Have you heard about the new space-saving seed that grows tomatoes, potatoes, cucumbers and even radishes all on one plant?  I have not either.  Actually there is a plant that grows tomatoes and potatoes, but we will leave that for another time. Instead I want to talk about a seed you could plant that will return a bounty beyond measure; introducing a child to the joy and beauty of gardening. 

Growing up we always had a small vegetable garden.  Shoveling in manure from the neighbor’s farm was an annual task that literally stunk. I can remember planting seeds, weeding, and being sent to pick vegetables before dinner. I didn’t get a lot of joy from any of this; they were just chores that needed to be done to get my weekly allowance.  Every summer I would spend four or five days at my grandparents house without my family.  Days were spent helping grandma with chores which included tending her own garden, and every night my grandfather and I walked his dog.  That’s what I remember.  The time in the garden with my grandmother was much different than at home.  We dawdled in her garden. She talked about flowers, and how things grew.  We picked weeds while she told stories, then we would go in and cook dinner before my grandfather got home.  She planted a seed during those summer visits.  I did not realize it until decades later, but my grandmother introduced me to the joy of gardening.

Spend some time with your children or grandchildren out in the yard.  Whether you have a vegetable or flower garden, just spend a little time once in a while in the garden.  Talk about what you are growing.  Pick flowers to put in a vase. You can talk about butterflies and earthworms. Harvest some lettuce and tomatoes, and make the salad together.  When it’s time to go to the garden center ask them along, to help pick out plants.  While you are there, let them pick out their own flower, and maybe a flowerpot.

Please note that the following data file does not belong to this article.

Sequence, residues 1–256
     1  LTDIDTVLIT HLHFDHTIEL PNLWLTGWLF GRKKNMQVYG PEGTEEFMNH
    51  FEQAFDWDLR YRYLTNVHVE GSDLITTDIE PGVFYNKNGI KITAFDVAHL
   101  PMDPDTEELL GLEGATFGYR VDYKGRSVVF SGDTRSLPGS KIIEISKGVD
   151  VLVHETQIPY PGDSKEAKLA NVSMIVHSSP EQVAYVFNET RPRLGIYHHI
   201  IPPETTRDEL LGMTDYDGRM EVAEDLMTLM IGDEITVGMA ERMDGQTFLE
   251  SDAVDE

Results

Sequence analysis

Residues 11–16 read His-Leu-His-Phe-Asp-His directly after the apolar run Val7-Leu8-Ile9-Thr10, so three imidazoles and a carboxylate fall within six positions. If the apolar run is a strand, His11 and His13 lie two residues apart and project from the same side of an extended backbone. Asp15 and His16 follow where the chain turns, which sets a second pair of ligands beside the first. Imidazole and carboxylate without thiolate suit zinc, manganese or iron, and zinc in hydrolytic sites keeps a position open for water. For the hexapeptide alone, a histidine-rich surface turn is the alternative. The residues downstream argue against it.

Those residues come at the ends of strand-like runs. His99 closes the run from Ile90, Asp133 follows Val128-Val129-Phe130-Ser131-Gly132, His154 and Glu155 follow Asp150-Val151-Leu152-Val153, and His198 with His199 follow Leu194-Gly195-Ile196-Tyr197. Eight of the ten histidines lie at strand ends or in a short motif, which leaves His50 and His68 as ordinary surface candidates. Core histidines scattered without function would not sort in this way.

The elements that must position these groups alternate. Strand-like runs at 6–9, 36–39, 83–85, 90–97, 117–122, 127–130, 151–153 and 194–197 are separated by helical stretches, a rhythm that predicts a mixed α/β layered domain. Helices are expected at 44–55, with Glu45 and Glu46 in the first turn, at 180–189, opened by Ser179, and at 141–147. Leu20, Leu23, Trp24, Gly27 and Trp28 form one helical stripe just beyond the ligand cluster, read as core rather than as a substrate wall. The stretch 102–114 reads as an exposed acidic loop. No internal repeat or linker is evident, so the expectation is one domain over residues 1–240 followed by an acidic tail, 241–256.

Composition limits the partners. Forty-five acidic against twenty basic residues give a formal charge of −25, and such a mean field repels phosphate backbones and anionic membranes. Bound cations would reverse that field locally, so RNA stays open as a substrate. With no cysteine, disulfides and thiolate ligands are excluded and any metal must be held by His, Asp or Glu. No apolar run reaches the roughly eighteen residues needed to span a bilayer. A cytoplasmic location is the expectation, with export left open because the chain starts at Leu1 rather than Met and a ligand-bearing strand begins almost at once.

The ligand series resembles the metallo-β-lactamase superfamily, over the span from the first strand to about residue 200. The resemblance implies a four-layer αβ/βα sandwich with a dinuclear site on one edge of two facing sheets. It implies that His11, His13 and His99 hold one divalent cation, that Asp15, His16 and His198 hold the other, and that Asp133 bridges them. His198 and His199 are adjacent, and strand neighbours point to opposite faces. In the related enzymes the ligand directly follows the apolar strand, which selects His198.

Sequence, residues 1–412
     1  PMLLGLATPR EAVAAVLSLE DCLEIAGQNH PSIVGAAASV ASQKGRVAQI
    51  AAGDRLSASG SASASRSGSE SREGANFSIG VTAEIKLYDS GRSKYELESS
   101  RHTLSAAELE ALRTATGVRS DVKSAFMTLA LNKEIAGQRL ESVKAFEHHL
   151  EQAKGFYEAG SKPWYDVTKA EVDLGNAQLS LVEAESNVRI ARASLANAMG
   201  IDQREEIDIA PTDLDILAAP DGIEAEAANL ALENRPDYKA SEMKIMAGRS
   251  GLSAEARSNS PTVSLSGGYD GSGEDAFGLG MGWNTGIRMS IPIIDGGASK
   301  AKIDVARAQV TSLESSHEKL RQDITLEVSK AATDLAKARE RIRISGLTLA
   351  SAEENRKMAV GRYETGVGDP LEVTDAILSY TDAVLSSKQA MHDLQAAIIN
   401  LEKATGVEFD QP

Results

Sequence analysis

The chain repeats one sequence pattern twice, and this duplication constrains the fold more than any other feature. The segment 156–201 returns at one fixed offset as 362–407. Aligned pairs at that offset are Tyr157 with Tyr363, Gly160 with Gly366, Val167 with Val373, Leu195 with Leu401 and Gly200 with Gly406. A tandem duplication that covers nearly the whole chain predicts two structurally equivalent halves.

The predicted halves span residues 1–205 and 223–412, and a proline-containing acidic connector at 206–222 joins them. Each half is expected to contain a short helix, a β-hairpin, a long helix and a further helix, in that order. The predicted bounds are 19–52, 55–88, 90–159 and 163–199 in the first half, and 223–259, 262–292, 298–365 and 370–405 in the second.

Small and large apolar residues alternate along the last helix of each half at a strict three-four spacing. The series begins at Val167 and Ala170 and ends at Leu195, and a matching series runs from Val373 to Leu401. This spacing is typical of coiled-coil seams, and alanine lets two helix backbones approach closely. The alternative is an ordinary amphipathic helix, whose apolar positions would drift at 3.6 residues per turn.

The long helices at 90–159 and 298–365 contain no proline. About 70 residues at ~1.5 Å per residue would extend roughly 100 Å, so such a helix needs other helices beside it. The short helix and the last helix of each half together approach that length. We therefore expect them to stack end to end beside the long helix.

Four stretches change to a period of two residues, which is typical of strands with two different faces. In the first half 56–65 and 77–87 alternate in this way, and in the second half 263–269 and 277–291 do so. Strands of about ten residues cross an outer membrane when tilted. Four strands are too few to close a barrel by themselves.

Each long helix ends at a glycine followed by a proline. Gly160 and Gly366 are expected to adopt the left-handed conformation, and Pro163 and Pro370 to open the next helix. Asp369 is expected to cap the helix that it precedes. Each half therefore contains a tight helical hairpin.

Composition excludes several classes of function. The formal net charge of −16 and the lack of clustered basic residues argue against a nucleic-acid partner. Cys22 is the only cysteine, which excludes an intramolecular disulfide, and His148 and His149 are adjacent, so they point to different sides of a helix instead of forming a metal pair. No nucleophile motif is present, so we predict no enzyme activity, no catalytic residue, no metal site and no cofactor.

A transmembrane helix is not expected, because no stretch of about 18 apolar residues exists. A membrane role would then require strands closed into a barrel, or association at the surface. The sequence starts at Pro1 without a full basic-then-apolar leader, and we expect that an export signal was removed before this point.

Thinking about our children I realized the same path has been followed.  As owners of a nursery, our children have had to begrudgingly help out on occasion. For them this is just another chore.  But when we visit my in-laws whose whole yard is a garden it’s a different story.  Here Elin helps me pick cherries for pies, and they walk around with their grandmother plucking berries from various shrubs trying to guess what fruit it is.  They cut flowers for the dinner table.  For our children the seed is being planted thousands of miles from home on a little farm in Denmark.

Article originally written by Eric April 2016

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